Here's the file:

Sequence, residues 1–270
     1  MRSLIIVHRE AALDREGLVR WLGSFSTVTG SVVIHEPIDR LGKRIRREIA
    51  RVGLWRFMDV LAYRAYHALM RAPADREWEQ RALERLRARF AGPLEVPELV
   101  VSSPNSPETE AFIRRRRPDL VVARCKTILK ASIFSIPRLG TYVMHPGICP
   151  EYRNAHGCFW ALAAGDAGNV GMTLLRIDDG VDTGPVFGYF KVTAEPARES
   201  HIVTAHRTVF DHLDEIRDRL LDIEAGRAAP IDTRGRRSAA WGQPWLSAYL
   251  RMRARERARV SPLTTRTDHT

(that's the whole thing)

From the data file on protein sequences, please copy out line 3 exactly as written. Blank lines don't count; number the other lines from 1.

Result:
    51  RVGLWRFMDV LAYRAYHALM RAPADREWEQ RALERLRARF AGPLEVPELV